I`m hoping to get another insightful comment like the above, I`m not sold on the polarized grease getting burned off as it is used in capacitors or so I have read, but I`m unsure of the amps in the 12 -14 volt arch so I cannot yet even begin to guess....

If anyone can give educated real life expertise and not you best guess that is why I am here, Thank you for your time...
 

wayneh

Joined Sep 9, 2010
17,153
The impedance across the spark gap can only be degraded by adding something on top of the conductors. The only redeeming factor is anti corrosion, but I don’t think that’s worth the risk of degraded spark and might lead to worse problems than a little natural corrosion.

People have been using naked metal inside distributor caps for decades and I’ve never seen a recommendation from a reputable source to do anything else.
 

shortbus

Joined Sep 30, 2009
8,952
I found this helpful comment online as other searches came up leaving me unsure...
Quote from Youtube comment : Travis Pratt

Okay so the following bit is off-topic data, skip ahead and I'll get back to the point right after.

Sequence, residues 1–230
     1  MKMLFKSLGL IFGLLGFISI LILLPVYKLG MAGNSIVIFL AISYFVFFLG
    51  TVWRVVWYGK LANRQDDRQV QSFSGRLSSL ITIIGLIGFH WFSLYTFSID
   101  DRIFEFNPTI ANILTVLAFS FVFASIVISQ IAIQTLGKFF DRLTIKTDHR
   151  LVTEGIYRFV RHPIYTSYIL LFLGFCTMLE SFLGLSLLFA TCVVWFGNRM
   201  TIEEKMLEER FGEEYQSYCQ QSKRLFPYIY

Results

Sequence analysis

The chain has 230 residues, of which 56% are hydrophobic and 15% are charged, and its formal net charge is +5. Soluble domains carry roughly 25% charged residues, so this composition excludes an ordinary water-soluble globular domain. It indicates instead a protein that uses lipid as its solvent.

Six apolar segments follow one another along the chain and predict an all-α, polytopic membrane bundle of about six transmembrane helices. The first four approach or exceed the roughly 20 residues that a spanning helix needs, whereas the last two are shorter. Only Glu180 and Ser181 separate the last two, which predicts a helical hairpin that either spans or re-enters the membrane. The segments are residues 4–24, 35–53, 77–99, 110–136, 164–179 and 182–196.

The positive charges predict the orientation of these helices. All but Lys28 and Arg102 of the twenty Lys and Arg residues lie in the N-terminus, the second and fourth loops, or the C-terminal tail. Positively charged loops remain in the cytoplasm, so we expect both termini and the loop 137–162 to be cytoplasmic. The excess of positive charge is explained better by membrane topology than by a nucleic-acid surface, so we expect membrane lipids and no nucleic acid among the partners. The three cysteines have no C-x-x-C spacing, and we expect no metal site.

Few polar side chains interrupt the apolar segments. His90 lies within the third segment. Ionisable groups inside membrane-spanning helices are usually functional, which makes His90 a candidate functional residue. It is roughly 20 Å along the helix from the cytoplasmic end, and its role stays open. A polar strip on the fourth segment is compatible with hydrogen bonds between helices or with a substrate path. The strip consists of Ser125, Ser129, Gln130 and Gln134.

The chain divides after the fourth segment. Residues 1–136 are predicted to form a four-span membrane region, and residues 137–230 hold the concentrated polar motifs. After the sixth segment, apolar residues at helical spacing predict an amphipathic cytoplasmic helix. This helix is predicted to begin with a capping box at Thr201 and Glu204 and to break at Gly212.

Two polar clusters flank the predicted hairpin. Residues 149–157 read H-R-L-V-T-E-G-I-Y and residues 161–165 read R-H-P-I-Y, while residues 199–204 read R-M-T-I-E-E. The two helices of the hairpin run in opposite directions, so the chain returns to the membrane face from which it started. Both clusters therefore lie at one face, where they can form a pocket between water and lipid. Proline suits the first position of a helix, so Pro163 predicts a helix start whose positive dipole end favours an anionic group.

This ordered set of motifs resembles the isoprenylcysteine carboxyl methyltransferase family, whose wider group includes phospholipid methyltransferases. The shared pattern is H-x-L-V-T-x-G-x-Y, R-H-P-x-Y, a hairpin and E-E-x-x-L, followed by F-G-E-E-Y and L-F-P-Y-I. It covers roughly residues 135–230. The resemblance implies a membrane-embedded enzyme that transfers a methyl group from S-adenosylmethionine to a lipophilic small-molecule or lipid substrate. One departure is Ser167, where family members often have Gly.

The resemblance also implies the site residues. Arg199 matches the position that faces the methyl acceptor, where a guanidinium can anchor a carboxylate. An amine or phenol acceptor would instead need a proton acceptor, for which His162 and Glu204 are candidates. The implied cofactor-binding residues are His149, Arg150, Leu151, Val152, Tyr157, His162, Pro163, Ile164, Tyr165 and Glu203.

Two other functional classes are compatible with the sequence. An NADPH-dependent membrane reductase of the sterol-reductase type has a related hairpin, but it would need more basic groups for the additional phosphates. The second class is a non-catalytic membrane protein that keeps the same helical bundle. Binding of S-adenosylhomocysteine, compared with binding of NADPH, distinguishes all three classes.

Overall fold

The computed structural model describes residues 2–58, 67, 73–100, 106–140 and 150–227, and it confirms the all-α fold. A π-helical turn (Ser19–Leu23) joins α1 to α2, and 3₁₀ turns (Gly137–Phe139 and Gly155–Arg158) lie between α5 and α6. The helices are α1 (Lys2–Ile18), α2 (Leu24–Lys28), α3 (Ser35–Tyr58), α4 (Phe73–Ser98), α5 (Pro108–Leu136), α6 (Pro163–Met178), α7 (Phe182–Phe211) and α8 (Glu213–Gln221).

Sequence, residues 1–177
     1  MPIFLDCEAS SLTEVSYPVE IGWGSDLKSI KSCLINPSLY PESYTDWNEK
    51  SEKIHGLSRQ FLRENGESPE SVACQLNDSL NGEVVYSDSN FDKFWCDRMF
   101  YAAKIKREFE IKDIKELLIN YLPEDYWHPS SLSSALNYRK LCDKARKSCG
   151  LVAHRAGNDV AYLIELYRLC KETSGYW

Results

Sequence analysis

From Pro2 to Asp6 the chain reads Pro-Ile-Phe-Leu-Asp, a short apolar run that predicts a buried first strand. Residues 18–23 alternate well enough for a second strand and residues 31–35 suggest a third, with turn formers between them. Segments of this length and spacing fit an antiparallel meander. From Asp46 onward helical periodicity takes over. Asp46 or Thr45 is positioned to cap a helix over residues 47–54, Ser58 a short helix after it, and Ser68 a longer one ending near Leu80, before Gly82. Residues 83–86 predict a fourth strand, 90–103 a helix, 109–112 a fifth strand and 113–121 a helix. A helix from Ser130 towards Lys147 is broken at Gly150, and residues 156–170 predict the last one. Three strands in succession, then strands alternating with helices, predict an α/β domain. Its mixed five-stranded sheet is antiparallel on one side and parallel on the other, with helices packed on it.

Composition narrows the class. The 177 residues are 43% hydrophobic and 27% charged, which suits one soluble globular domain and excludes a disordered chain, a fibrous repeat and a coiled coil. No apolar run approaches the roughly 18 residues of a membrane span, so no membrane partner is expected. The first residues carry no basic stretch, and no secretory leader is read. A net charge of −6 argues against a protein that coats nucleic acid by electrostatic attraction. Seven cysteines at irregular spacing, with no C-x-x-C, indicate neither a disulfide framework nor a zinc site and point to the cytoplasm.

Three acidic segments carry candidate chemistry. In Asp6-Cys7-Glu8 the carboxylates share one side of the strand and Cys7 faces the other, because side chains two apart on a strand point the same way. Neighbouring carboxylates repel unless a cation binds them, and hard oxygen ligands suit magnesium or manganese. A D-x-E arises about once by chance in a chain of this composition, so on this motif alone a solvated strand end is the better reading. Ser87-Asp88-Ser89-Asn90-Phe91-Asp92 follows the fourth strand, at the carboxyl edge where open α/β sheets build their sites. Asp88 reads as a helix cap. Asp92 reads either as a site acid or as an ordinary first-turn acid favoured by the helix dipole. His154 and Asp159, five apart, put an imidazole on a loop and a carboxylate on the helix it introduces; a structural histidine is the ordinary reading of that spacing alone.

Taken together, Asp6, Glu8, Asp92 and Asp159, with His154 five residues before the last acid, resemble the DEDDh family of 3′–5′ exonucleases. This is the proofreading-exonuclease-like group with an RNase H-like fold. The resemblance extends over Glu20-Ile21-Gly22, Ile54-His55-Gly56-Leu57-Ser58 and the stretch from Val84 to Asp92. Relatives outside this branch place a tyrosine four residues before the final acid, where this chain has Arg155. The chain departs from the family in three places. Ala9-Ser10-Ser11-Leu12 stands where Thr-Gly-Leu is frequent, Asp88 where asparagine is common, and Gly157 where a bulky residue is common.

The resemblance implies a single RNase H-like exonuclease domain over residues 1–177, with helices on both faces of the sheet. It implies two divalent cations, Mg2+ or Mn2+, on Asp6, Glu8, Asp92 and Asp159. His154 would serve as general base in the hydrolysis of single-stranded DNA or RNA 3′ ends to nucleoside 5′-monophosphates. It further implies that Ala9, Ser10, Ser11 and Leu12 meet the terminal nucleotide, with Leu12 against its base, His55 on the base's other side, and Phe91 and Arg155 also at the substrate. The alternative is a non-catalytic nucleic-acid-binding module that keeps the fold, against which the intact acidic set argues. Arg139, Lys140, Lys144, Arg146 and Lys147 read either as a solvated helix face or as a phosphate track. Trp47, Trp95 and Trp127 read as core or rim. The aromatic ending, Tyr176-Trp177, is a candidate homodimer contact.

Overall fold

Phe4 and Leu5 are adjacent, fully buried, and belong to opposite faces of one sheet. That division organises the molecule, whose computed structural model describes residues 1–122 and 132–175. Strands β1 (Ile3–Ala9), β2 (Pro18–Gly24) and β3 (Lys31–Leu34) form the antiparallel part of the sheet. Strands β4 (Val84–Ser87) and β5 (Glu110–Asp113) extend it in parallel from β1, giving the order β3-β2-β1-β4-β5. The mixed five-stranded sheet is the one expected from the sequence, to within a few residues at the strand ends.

6 months ago
They’re idiots because people never explain to them, dielectric grease is an insulator, but it also improves the connection when on two metal surfaces because little protected, free from corrosion divots form within the grease that conduct electricity much better than an oxidized or otherwise unprotected connection surface. Dielectric means it can be polarized by electricity, which basically means it doesn’t conduct electricity but moves out of the way on a molecular level when electricity passes through it. If your contacts would conduct electricity as they are, dielectric grease can only improve that connection, and more importantly protect it from naturally degrading from use. When someone says “dielectric grease is an insulator” in the context of using it on connectors, they don’t know what they’re talking about.

I`m hoping to get another insightful comment like the above, I`m not sold on the polarized grease getting burned off as it is used in capacitors or so I have read, but I`m unsure of the amps in the 12 -14 volt arch so I cannot yet even begin to guess....

If anyone can give educated real life expertise and not you best guess that is why I am here, Thank you for your time...
What you missed in that comment and I'm thinking most comments is the dielectric grease is used in metal to metal contact. Like a connector. The contacts inside a distributor aren't metal to metal, even when new there is a pretty big gap. If there was no gap the rotor couldn't turn inside the cap, and if the gap was smaller, every distributor, rotor and cap would need to be "perfect", no out of roundness no run out of any of the parts. In the real world this isn't possible.